Clerkenwell.

“This is one moment, /

But know that another/

Shall pierce you with a sudden painful joy.”

– T.S. Eliot

I’m not sure why I took the long way down to Farringdon Road, rather than the shortcut off of Clerkenwell and over Herbal Hill – a narrow street barely bigger than an alley – to get to my old flat on Crawford Passage. I told myself it was because I wanted to see everything, see the whole of the neighborhood, see how much it had changed in the fifteen years since I’d lived there. But really, I have no idea why I did it, other than the mere fact that I felt like it. It was just one of a million tiny little decisions, the kind we make all day long.

I had already been walking for quite a while. I’d turned around an embarrassing number of times trying to find my way to the British Museum from the Holborn tube station. I’d even gone the wrong way down Great Russell Street – a street I used to know so well – before finally finding that familiar buttercream façade, with its elegantly ornamented sign displaying the number 99. All the late nights I’d spent there, in that study center where I took my classes, holed up in the basement computer lab checking emails (before the invention of the iPhone), writing papers, and booking tickets for my next weekend getaway. Because back then, as a twenty-one-year old college student living in London, there always seemed to be – every weekend – somewhere to go.

But by the time I found my way to Theobald’s Road and walked down it until it became Clerkenwell – the same walk I used to take, years ago, at least four times per week – I had recovered my bearings. There was new construction along the route, and many of the shops and businesses had changed, but it was still the same road, still familiar, still felt like home.

And suddenly there it was: the old shortcut over Herbal Hill down to my flat at Crawford House. But this time, I didn’t want to take it. I wanted to keep walking.

I came to the intersection of Clerkenwell Road and Farringdon, and turned left to round the corner. And that’s when I saw them. Bouquets of flowers – faded roses and Stargazer lilies – duct taped to a light post. As I drew closer, I saw that there were also cards; handwritten notes filled with words of love and loss and grief, all made out to one person: “Claire.” A memorial.

Held in place by my own morbid curiosity, I read what was written there. Words that you’d expect, about a loved one who would always be missed and who was gone too soon. But then, taped to a bouquet of wilted pink tulips, there it was. A carefully written note, that, as I read, I am quite certain, I forgot to breathe:

To family and friends,

Take comfort that she did not suffer in pain. Nothing will make this accident less senseless, but I want you to know that she did not die alone or abandoned. Many people did everything they could to save her. It was tragic and happened so quickly but she was surrounded by people who tried and who stayed.

From,

One of those people.

As I continued my walk down Farringdon Road, past St. Paul’s Cathedral, down toward the Thames, the same path I used to take when I went for my morning runs along the river, I couldn’t stop the tears from falling. But I wasn’t crying for Claire. I didn’t even know her, didn’t know what had happened to her. I was crying because life can seem so senseless. Because it can shift so suddenly. Because in an instant, everything can change.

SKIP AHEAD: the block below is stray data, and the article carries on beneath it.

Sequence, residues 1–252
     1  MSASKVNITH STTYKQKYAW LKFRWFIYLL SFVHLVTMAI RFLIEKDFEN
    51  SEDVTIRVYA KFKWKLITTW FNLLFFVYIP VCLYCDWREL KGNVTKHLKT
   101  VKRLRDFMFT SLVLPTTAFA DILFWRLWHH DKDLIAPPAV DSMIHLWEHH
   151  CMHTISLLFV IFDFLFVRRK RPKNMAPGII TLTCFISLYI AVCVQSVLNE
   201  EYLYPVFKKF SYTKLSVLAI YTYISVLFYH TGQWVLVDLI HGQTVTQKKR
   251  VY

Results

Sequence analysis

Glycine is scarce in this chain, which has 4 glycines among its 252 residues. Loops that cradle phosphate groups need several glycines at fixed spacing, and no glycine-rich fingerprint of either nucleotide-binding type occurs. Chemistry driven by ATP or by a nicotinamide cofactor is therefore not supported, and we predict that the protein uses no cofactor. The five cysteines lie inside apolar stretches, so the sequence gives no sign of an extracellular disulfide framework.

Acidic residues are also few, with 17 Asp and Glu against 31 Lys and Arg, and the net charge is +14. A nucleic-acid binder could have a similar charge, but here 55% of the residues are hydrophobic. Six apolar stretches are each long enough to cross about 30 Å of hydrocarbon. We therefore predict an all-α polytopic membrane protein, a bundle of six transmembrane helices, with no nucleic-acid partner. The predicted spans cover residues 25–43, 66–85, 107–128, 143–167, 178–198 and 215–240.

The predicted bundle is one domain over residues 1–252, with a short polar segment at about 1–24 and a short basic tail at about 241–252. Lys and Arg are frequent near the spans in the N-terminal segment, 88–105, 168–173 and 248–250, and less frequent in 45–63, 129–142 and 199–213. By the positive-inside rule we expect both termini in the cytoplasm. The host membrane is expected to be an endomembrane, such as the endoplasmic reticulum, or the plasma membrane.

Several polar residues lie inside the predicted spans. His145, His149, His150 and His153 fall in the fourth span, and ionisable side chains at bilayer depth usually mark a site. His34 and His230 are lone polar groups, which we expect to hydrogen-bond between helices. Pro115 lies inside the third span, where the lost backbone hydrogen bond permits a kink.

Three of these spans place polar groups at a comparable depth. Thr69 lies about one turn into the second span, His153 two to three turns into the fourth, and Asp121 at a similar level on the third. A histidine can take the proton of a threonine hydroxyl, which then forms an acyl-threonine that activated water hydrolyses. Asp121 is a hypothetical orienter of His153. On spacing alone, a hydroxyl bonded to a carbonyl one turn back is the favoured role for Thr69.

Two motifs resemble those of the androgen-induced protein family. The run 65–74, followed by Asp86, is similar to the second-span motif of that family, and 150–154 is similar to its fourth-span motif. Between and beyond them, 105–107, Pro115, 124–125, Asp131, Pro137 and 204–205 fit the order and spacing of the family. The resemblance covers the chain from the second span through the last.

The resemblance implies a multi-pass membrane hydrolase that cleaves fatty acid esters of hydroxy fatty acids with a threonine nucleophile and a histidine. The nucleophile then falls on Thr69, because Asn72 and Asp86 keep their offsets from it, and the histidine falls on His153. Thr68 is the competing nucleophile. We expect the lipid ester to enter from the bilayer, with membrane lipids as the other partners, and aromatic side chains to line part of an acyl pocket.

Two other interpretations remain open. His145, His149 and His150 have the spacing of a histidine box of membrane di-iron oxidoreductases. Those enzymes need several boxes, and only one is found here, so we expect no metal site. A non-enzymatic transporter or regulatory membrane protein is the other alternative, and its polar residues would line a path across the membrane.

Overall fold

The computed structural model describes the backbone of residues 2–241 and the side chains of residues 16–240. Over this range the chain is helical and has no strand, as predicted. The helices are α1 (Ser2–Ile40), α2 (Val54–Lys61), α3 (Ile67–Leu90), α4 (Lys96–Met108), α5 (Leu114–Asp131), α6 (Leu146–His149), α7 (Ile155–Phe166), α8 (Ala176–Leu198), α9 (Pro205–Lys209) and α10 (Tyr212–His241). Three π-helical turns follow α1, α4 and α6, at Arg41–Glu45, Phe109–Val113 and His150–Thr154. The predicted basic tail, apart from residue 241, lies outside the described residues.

I often think of the months that I spent in London as some of the happiest of my life. I was young and carefree. I could do and be anything that I wanted. Life was exhilarating then, full of hope and possibility. I had never known real tragedy, never known real fear.

So maybe that’s why, last week, I decided to take the long way down Farringdon Road. Maybe there is no such thing as chance, no tiny decisions we make that mean nothing. Because afraid as I am of all the things I can’t yet know, it was the tragic death of a stranger, and the strangers who didn’t know her but who cared for her all the same, that reminded me that life’s uncertainty is not a thing to be feared. That it is the knowledge of how fleeting and fragile life is, that is what makes it so beautiful.

If you live long enough, life will break your heart. Mine has been broken again and again since those carefree days in London. I am no longer the girl who lived there, in fact, I barely even recognize her. But even if I could, I wouldn’t go back and rewrite my history. I wouldn’t change what’s past. I wouldn’t remove any of the scars. Because the scars are what make me. And as it turns out, I like who I’ve become. Broken heart and all.

As I carried on, over Blackfriars Bridge, over the Thames, I thought about how lucky I am. I thought about what a thing it is, just to be alive. And I thought about the fact that for as long as I could keep going – through all the fear and uncertainty – there was only one direction left to travel.

Onward.

Until next time, friends.

Thirty-five.

On December 2nd, I marked a milestone birthday: thirty-five. Perhaps it’s fitting then, that this entry also signifies another milestone: my 100th post on Extra Dry Martini.

Bare Feet

Normally, I love birthdays (both my own and other people’s), but this one felt less celebratory and more like staring down the barrel of a gun. Thirty-five? Shouldn’t I have it all figured out by now? Shouldn’t I own a home, have a family, be navigating the ladder of success on my way toward building a lucrative career? Numbers don’t lie, and based on my age, there’s no denying that I am officially a grown up. So why aren’t I acting like one?